Shifting Left - An Information Privacy Perspective (Part 1)

Privacy regulations are taking centre stage around the world, and stiff penalties have been mandated for failure to adhere to these regulations. South Africa is no exception, with the Protection of Personal Information Act (POPIA) becoming law from 1 July 2021.

The software development world has had a couple of distinct transitions, but the following two stand out in terms of overall impact:

  1. The increasing power of computers in the 1960s led to multiple software projects being undertaken. Many had substantial quality issues and generally were over-budget. This was realised and discussed in the first North Atlantic Treaty Organisation (NATO) Software Engineering Conference in 1968, where it was concluded that an engineering approach was necessary to improve the status quo. Over the succeeding years, this resulted in various approaches/methodologies to bring order to the software quality problem.
  2. Fast-forward a couple of decades from the NATO Software Engineering Conference. Although software quality had improved, many people realised that network perimeter and other host-level security controls were insufficient in stemming the tide of security defects that applications contributed to. It became another moment to pause and reflect on the situation, with the realisation of the importance of building security into the software development process.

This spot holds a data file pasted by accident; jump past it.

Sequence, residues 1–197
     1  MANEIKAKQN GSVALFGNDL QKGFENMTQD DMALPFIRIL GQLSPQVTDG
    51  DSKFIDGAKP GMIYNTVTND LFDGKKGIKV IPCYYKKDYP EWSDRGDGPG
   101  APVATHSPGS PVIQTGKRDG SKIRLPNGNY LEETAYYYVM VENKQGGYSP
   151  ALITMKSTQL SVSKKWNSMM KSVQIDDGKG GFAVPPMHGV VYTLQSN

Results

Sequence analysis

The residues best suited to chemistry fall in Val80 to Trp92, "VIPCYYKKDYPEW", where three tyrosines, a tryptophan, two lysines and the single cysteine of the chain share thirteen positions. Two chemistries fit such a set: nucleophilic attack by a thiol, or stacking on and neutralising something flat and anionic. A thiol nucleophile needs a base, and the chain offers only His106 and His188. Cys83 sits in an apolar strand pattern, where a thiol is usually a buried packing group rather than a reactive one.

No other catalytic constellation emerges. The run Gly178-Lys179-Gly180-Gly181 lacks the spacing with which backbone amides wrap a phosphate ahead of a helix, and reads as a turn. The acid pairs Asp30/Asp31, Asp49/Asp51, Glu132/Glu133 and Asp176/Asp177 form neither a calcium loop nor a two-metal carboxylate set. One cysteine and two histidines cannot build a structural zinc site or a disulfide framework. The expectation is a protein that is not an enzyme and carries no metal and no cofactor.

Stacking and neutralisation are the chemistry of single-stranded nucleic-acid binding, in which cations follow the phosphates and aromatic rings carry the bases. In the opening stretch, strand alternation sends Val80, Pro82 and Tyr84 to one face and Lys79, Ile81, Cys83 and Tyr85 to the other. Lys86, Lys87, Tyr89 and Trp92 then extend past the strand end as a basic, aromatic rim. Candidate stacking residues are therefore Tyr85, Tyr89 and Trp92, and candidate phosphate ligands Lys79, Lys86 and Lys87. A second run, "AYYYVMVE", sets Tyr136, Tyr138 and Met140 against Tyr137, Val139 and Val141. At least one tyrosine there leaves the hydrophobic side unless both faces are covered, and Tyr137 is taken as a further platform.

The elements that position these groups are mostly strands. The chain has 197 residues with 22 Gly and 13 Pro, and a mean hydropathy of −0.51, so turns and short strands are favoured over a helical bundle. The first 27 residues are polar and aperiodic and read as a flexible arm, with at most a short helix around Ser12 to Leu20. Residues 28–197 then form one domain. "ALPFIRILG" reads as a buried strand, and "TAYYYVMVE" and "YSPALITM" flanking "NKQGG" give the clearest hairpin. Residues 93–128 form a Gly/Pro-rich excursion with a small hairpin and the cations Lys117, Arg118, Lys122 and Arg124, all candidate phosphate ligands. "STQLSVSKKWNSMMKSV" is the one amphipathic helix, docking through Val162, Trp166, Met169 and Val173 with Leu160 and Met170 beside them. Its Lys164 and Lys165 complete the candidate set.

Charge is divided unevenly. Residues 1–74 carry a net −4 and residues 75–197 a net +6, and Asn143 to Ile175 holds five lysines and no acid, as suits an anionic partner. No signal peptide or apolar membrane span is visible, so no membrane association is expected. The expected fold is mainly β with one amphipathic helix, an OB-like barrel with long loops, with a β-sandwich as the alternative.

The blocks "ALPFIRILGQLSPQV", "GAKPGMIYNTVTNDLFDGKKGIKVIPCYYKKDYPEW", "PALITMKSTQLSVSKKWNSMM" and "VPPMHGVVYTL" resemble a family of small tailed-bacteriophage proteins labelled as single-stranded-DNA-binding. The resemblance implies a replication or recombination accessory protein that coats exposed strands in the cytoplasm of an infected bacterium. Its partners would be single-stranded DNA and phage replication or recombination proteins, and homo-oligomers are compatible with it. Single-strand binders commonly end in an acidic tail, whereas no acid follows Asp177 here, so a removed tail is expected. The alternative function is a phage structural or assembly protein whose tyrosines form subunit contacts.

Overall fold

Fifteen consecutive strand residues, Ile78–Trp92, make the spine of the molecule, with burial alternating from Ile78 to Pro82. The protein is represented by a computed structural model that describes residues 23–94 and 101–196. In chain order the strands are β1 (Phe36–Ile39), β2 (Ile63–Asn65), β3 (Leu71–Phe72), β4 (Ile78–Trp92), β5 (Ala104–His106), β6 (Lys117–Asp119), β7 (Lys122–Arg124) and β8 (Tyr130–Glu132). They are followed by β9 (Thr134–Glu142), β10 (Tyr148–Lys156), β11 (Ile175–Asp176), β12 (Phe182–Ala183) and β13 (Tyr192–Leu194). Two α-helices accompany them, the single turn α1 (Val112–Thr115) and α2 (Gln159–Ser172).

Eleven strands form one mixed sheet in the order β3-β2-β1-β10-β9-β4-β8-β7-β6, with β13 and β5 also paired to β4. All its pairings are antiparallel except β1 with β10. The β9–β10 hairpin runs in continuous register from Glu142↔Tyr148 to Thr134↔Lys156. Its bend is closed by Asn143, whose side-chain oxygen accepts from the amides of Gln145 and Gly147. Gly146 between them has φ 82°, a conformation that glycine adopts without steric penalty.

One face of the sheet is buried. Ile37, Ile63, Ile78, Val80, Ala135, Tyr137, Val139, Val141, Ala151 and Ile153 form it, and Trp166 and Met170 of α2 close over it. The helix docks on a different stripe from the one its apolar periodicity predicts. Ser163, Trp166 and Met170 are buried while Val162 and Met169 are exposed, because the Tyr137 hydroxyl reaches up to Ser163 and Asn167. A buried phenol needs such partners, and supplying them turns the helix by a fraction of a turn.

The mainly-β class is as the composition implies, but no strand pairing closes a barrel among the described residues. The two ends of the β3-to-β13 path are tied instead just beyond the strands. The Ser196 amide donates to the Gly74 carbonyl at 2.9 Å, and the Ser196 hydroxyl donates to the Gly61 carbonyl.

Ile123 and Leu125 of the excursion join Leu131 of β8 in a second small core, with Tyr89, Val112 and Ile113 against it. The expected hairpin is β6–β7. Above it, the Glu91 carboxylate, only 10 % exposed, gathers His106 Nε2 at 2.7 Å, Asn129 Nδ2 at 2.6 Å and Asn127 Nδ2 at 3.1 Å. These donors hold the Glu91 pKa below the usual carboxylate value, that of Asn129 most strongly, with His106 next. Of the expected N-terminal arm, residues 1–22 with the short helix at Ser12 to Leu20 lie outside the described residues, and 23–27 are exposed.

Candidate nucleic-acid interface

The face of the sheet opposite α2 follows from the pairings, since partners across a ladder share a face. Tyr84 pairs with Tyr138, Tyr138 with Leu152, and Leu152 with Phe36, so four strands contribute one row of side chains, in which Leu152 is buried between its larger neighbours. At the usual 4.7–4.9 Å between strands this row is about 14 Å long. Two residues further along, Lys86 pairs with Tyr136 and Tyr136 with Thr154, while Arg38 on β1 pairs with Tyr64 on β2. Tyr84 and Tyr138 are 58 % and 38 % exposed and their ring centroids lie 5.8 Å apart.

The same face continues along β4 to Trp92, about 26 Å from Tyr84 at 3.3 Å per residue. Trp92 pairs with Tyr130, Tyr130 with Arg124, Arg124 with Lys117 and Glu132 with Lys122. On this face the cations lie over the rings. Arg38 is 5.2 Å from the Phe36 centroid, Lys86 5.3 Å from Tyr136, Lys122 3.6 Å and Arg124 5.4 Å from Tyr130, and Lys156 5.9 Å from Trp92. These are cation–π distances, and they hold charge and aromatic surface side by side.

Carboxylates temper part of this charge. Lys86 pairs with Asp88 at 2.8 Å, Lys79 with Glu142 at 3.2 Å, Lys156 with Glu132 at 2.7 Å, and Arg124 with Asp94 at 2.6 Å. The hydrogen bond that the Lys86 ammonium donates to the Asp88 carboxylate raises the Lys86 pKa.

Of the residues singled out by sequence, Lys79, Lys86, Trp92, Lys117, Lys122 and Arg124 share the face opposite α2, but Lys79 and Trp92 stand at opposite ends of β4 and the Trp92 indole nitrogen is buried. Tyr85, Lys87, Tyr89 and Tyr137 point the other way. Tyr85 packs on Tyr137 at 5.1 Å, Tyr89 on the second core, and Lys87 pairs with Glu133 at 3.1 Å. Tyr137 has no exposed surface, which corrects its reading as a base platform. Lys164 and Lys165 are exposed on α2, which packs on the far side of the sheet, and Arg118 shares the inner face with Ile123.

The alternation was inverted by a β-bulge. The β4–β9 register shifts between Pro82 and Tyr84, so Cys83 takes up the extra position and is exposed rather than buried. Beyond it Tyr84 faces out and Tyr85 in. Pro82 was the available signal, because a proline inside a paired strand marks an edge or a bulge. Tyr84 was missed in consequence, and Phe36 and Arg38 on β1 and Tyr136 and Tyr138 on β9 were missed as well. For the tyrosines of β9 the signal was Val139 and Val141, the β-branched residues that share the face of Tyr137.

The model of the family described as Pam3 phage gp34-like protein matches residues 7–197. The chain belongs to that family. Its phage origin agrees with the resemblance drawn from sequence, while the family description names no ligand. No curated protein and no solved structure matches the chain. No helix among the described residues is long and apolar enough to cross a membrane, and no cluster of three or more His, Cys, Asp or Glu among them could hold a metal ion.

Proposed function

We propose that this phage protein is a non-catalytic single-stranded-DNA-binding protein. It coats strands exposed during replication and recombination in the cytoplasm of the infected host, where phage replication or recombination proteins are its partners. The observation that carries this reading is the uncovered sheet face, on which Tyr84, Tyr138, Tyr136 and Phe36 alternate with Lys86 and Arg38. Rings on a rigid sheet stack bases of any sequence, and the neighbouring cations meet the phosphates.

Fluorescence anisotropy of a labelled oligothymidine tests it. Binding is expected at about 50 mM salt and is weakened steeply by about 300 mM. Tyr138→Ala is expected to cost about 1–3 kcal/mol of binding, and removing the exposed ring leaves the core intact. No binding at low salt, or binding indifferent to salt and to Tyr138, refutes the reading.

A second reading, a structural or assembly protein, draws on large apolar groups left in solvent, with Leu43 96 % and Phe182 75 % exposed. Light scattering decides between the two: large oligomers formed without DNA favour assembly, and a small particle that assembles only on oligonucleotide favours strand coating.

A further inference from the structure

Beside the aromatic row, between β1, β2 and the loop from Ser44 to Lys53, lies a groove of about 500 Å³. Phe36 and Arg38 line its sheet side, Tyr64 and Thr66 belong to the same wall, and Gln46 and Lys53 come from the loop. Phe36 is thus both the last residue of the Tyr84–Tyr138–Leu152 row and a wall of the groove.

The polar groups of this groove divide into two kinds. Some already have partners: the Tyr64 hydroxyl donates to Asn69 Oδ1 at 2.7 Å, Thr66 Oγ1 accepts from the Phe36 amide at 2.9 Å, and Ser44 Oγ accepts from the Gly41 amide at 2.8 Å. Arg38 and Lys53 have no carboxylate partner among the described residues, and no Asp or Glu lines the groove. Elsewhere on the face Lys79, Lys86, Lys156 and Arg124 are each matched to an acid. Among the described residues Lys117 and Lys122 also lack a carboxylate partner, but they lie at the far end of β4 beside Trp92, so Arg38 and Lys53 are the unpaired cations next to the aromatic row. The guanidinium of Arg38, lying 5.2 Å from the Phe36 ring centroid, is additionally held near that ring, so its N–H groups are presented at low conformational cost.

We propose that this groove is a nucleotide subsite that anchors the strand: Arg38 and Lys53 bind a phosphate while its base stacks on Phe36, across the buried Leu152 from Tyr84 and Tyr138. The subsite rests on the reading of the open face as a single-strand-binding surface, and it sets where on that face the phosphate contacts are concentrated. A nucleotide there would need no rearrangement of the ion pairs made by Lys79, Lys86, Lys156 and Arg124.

Nowadays, the “building security in” principles, as opposed to treating security as an afterthought, have largely taken root, and there is consensus to the bottom-line benefits of such approaches. Figure 1 below illustrates the relative costs of fixing software security defects relative to the phase in the development lifecycle.


Figure 1: Relative costs to fix bugs

This realisation has led to the “shifting left” principle, where security is considered across all phases of the Software Development Life Cycle (SDLC) with specific emphasis on the early stages. This has brought significant benefits in reducing software security risk. It is furthermore believed that the same benefits can be accrued from a privacy perspective.

Information Privacy – The Concerns

Regardless of the different types of privacy regulations, a central theme that stands out is as follows:

  • Any entity collecting and using personal information must ensure that the applicable regulatory provisions centred around preventing or reducing privacy ‘harms’ from the perspective of the data subject are adhered to. Fines do apply for failure to ensure the required provisions.